What is a Realistic Freelance Writer Salary?

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Is it possible to make a decent living as a freelance writer? Yes…but there are some caveats. Don’t assume you can automatically pull in a high-level freelance writer salary, especially if you’re new to creating content.

I’ve seen a lot of potentially good writers stop because the income they generated wasn’t ideal for their needs.




What’s a Good Freelance Writer Salary?

According to PayScale.com, the average hourly rate for freelance writers is about $24.06 at the time of this post. And the average freelance writer salary ranges around $39,000 per year.

From my experience, this is somewhat realistic. However, it’s not entirely accurate for every situation. This is because there are so many things that can play into how much you’ll make as a writer.

Personally, I can make between the $20 and $25 per hour mark in systems like Textbroker as a freelance writer. This depends greatly on the amount of work, clients and what teams have jobs available.

For example, I can finish an order inside 20 minutes and make $7.20 for one of the teams I am on. This breaks down to $21.60 per hour.

But what if I only complete one order? When compared to an 8-hour job for the day, this is the equivalent of making $2.70 per hour.

Then, there are days when I can push around $50 to $75 per hour with private clients. However, that doesn’t mean I make that for an entire 8-hour period.

That would awesome, but that’s not how it works as a freelance writer.

Things Which Affect a Freelance Writer Salary

Motivation

The downside to being a freelance writer is the number of things which will affect your pay. On the other hand, writing online has great potential for generating a lot of money.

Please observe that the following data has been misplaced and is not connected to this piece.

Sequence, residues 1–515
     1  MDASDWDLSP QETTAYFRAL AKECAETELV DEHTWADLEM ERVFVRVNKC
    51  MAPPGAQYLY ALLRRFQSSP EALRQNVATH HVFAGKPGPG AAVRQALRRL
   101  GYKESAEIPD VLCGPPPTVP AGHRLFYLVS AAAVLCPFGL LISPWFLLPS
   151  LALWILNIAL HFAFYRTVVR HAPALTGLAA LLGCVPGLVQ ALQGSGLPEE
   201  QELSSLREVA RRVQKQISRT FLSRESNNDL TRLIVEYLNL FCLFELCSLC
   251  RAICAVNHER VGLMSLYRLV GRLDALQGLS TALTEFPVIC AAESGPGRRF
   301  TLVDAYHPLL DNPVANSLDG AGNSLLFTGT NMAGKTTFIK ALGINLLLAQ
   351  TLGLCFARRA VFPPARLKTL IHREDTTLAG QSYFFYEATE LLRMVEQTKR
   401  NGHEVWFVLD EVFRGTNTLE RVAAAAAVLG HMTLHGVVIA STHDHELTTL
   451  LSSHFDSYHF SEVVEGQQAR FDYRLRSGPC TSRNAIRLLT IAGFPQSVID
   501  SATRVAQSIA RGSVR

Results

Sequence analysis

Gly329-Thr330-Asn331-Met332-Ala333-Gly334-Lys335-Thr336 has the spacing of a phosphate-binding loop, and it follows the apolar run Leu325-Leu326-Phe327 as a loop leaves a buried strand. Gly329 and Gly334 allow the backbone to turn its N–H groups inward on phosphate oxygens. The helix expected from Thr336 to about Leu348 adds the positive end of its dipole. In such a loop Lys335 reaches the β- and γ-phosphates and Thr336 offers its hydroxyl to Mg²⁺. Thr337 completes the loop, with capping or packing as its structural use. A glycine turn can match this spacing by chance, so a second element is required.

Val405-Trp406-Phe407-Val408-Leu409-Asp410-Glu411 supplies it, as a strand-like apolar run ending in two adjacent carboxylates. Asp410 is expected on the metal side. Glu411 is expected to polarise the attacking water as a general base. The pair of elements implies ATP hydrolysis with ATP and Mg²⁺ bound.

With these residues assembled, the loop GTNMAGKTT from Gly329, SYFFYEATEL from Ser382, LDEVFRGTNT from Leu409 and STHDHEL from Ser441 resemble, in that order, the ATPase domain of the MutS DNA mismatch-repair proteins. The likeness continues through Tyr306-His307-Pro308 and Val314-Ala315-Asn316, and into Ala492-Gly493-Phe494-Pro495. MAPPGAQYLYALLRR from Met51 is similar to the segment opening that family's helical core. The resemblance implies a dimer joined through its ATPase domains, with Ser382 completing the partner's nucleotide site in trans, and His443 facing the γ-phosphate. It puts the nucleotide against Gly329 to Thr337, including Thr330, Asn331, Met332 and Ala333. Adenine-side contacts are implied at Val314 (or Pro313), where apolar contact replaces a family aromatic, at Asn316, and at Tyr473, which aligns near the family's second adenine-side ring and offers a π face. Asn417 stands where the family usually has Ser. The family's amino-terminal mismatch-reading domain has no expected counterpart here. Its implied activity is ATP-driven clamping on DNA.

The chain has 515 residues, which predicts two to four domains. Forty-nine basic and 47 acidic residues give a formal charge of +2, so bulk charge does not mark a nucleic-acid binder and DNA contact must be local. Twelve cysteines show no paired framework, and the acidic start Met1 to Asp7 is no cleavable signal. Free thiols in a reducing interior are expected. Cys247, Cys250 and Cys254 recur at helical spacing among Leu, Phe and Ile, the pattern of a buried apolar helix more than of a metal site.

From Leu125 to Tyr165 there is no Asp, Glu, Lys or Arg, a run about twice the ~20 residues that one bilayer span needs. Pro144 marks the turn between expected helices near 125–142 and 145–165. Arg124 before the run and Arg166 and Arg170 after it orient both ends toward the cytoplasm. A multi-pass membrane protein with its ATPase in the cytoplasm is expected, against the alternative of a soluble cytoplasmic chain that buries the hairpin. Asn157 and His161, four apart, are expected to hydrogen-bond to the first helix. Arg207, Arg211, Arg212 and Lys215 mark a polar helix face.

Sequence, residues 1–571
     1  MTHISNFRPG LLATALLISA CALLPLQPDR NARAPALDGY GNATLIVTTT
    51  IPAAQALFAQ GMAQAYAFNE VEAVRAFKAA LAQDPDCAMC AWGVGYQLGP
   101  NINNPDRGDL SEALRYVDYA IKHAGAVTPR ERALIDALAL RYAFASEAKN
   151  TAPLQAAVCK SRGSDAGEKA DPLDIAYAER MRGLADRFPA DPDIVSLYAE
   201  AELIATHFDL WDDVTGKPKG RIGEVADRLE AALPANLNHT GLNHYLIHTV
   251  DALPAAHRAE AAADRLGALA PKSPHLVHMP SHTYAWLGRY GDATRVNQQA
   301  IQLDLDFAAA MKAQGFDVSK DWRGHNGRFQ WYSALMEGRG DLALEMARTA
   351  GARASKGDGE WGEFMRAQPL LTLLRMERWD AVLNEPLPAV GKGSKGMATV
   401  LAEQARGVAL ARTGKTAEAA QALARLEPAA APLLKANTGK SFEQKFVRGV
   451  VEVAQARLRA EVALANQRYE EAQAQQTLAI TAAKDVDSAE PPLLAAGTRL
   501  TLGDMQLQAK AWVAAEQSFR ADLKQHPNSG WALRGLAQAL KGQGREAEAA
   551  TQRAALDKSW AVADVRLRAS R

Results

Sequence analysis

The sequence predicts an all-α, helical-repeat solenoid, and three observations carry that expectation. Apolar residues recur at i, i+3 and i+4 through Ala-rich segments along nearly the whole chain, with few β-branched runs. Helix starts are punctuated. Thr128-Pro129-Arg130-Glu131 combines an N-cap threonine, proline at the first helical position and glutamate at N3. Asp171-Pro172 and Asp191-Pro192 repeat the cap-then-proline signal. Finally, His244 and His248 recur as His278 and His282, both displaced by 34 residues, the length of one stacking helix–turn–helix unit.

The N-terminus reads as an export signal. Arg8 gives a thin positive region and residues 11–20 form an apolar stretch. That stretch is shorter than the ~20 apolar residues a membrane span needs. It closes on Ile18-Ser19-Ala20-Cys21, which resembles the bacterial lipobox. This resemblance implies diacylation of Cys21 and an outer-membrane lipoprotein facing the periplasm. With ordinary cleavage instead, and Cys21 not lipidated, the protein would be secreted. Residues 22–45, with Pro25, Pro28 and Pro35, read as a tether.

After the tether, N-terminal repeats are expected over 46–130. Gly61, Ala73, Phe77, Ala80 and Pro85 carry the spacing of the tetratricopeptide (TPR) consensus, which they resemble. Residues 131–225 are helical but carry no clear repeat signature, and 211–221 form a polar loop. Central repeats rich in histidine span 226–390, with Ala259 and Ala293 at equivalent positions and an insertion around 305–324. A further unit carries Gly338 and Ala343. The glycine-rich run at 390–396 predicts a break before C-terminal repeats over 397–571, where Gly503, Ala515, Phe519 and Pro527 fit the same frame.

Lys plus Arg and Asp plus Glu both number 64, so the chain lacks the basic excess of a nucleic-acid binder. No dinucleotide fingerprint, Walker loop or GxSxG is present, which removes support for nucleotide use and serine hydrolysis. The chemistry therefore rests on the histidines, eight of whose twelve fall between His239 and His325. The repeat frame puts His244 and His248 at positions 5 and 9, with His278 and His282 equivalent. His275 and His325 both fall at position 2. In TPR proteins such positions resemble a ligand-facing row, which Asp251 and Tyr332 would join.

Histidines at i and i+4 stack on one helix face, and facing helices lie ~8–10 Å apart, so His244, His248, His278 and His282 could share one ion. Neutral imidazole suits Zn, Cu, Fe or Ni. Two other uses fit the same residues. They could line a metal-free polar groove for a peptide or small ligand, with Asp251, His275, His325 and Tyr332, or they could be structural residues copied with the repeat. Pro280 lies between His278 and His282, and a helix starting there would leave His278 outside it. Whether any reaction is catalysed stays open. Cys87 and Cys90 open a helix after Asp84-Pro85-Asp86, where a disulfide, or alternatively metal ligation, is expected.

You just need to find opportunities that work best for you. Not everyone will have the same experience when it comes to freelance writing.

Here are a few of the most important factors that come into play when determining your own freelance writer salary.

Experience

The more experienced you are, the more you can charge when creating content. This is virtually true in any scenario. That’s because most clients want someone with practical experience, especially when it comes to business-related content.

If you’re new to writing, don’t assume you’ll hit a six-figure income before the year ends. It’s possible, but not very realistic.

Venue

What and who you write for will affect how much you make as a freelance writer. Some venues don’t pay all that well when compared to others. On the other hand, some of those venues also deliver easier and more frequent work.

For example, content mills don’t have the highest pay-per-word rate. However, you’re not limited and can do as many as you like.

Of course you can make a lot more money if you find private clients who can keep you working. But remember, you’ll more than likely need a lot of experience in the niche or industry to land these clients.

Personal Motivation

Perhaps the biggest contributor to a freelance writer salary is personal motivation. When you work from home, you’re technically not accountable to anyone but yourself.

This is especially true if you use content mills. It’s up to you to get the job done and find another in rapid succession.

In many regards, working from home is far more difficult than a traditional job. You need to find what drives you to continue and keep yourself from experiencing a burn out.

Workload Sustainability

Lastly, a lot of freelance writing success falls onto workload sustainability. Sure you can make $1.00 per word writing for some organizations. But are they willing to hand you enough work each day to pay the bills?

For instance, some content mills dry up for several days at a time. What do you do to make money when the workflow is just not there?

Personally, I tend not to put all my eggs in one basket. I use several content mills in addition to my private clients to keep the money coming in.




4 Best Ways to Start with No Experience

Not everyone has experience when stepping into the realm of online writing. I know I didn’t. In reality, I went to college for graphic design. Most of my career choices involved the tech industry.

Becoming a freelance writer was way out of my scope of experience.

So, what are some ideal ways for a new writer to start a freelancing career?

1. Using Content Mills